Gaius Terentilius Harsa, better known simply as Terentilius was a plebeian tribune in Rome around 462 BC.

Terentilius agitated for a formal code of laws in the early days of the Roman Republic. He took advantage of the fact that the consuls were away on a campaign against the Volsci to pressure the Roman Senate, controlled by patricians, for the code.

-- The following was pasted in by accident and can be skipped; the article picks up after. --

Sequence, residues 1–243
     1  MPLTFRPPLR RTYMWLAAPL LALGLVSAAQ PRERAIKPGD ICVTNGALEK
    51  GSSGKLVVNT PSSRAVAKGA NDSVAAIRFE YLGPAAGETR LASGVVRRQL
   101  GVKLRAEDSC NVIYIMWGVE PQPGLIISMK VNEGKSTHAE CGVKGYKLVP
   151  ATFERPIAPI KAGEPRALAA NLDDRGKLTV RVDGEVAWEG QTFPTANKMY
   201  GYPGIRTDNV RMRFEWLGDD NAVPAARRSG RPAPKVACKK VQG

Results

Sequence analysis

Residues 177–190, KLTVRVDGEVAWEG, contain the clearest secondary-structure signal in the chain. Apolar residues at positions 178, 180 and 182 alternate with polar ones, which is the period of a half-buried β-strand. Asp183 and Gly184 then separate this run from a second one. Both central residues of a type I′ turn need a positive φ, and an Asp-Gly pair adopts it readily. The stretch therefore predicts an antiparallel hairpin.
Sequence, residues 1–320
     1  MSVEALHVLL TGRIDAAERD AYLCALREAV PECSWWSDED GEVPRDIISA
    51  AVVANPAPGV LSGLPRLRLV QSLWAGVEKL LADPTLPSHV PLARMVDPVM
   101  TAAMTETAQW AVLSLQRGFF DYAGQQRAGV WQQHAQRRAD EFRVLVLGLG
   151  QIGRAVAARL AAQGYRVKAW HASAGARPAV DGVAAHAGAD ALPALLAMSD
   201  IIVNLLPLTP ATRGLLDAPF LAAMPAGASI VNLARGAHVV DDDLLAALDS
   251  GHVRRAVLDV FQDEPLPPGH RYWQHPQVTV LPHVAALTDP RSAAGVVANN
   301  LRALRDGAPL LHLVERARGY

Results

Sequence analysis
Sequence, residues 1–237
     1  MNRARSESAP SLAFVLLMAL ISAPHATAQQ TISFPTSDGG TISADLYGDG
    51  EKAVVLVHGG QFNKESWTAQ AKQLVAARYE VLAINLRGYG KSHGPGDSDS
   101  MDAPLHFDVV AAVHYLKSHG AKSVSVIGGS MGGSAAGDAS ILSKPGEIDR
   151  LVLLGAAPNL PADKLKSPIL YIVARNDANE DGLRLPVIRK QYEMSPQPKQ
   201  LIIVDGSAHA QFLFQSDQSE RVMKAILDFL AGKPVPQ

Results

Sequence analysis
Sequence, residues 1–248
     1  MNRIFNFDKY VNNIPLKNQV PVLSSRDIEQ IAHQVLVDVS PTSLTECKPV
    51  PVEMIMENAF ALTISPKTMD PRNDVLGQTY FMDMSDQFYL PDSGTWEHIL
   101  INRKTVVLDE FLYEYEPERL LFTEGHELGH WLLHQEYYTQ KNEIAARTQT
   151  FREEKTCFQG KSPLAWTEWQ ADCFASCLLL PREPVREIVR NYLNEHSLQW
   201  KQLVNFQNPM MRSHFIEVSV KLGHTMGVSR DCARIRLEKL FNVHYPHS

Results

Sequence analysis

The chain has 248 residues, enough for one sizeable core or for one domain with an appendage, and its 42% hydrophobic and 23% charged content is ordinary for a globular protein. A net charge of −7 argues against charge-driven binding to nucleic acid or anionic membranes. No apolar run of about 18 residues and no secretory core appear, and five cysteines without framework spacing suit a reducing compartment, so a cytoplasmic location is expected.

The patricians made a show of makinng peace with Terentilius, but in fact had no intention of codifying the laws at his request. Ultimately, however, the agitation by Terentilius led to the passage of the Twelve Tables, the statute that formed the basis for all subsequent Roman law. The story of Terentilius comes to us from one source, book III of Livy's Ab Urbe Condita.

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